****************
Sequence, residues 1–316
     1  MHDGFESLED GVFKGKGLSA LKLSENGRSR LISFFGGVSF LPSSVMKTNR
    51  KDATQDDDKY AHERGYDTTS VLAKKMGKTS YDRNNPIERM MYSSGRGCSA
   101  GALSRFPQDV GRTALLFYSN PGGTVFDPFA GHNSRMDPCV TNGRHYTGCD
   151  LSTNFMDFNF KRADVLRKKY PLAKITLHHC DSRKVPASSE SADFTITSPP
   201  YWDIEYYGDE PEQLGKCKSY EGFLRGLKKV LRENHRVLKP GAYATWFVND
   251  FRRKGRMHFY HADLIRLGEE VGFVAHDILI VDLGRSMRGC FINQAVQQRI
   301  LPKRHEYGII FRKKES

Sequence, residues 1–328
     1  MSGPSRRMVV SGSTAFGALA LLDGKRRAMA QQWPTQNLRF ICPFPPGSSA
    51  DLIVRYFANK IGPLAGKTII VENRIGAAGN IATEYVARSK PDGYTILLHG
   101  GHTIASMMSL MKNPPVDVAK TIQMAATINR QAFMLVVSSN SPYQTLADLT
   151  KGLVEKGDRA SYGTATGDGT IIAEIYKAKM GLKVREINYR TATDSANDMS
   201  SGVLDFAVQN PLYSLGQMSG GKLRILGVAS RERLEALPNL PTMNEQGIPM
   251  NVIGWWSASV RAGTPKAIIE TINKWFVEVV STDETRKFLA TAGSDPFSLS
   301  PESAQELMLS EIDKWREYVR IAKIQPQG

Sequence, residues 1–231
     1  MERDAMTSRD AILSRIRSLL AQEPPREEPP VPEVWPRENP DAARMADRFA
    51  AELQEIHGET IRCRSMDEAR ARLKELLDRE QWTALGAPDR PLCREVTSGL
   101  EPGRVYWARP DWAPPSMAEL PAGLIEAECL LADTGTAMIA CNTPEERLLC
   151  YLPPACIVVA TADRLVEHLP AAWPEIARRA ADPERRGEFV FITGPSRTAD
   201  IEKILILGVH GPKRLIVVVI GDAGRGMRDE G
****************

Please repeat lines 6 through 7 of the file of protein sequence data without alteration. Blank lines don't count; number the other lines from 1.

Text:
   201  YWDIEYYGDE PEQLGKCKSY EGFLRGLKKV LRENHRVLKP GAYATWFVND
   251  FRRKGRMHFY HADLIRLGEE VGFVAHDILI VDLGRSMRGC FINQAVQQRI